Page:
Bush Hopes Freeing Iran's Assets Will Help Hostages

From Associated Press

President Bush, in an election-anniversary news conference, said today he hopes that the U.S. decision to return $567 million in frozen assets to Iran will help get "underbrush cleaned out" and lead to the eventual release of hostages.

"I carry the fate of the hostages with me every single day," Bush told reporters at the White House. He said he knows of no reason to be encouraged at this time, however, on an issue that has bedeviled his predecessors and complicated the first 10 months of his term.

Bush began with an introductory statement that summed up his satisfaction with his first 10 months in office.

"I enjoy it; I like the challenge," he said of his 10 months in office.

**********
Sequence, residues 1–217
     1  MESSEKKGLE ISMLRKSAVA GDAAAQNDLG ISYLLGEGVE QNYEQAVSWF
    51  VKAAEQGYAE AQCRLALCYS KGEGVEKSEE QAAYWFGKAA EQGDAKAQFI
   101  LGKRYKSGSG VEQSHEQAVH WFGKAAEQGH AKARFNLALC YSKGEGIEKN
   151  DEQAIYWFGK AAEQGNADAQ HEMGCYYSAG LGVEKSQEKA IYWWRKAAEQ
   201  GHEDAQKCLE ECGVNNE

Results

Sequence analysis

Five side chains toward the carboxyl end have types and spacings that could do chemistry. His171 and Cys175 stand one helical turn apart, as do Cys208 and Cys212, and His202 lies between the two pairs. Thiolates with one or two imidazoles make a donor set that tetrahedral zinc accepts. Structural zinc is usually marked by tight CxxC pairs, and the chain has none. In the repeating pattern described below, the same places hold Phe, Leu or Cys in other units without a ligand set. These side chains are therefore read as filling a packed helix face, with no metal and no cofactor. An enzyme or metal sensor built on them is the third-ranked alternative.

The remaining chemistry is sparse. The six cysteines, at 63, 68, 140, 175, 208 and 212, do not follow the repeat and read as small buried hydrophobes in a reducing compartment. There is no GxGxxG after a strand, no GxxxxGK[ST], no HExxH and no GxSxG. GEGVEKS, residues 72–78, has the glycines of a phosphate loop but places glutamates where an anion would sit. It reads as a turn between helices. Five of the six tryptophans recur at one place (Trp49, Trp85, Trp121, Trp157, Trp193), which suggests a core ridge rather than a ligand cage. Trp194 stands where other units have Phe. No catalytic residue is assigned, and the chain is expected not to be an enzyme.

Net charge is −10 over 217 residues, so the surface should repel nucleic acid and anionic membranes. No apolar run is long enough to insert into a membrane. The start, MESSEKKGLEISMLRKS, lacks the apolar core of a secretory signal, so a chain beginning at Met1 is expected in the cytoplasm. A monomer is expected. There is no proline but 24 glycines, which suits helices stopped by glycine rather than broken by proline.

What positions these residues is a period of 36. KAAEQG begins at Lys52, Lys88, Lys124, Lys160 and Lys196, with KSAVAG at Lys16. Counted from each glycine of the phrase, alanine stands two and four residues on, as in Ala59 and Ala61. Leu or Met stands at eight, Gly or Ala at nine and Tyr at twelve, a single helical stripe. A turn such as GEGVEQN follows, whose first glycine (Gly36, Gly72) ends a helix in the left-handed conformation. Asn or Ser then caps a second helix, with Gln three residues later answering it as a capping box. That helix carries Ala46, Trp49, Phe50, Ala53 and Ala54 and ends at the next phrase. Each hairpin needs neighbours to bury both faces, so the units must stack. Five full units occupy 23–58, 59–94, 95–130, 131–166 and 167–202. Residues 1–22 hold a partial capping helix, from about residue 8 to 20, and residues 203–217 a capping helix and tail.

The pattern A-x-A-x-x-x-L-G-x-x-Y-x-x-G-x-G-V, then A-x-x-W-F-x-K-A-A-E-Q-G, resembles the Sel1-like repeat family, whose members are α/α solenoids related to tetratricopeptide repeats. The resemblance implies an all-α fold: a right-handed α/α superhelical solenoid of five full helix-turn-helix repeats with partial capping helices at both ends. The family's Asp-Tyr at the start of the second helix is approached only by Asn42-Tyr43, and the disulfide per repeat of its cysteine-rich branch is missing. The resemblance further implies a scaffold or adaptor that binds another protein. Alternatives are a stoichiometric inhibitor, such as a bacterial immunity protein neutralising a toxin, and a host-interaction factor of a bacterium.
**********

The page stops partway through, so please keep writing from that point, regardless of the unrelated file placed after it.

Bush also dismissed criticism--most recently from former President Jimmy Carter--of his policies toward Eastern Europe, saying that the Administration is dealing properly with the changes there and that his opponents just want to spend more money on aid.

He challenged them to come up with specific ideas "other than triple the spending" on aid to Poland and Hungary.

Asked about the emergence of abortion as a critical issue in gubernatorial elections being held today in Virginia and New Jersey, Bush asserted "that issue ranks about 9th to 14th."

"People are not for the most part single-issue voters," Bush said of an issue that often seemed to cut against Republicans during the campaign period. He added, "I have no intention of changing my position. It's so personal. I just come down on the side of life."

Bush rejected criticism that he has failed to exert leadership in worldwide efforts to combat global warming. He said he is not prepared to join the roughly 60 nations meeting in the Netherlands on a resolution to cap carbon dioxide emissions by the year 2000, saying such a move is too early and too extreme.

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